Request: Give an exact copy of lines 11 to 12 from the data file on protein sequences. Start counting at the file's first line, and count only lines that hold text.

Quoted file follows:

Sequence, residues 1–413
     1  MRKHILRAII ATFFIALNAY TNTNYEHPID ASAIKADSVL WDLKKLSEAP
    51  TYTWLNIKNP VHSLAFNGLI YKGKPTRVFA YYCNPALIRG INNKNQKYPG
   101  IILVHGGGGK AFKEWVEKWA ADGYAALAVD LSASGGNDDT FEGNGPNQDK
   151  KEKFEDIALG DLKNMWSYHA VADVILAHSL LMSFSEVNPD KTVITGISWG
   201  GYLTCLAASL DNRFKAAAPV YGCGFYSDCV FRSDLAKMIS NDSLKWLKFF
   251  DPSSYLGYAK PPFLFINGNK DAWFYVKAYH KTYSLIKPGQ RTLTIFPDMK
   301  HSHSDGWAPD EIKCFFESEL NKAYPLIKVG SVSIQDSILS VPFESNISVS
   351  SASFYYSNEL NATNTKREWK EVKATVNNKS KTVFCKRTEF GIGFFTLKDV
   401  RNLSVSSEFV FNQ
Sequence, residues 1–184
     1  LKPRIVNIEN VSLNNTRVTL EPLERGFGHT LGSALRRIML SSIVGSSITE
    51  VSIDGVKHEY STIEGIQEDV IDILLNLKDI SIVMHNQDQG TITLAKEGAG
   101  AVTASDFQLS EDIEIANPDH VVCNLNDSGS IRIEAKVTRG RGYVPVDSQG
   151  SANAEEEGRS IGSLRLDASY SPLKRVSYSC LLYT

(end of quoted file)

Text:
Sequence, residues 1–184
     1  LKPRIVNIEN VSLNNTRVTL EPLERGFGHT LGSALRRIML SSIVGSSITE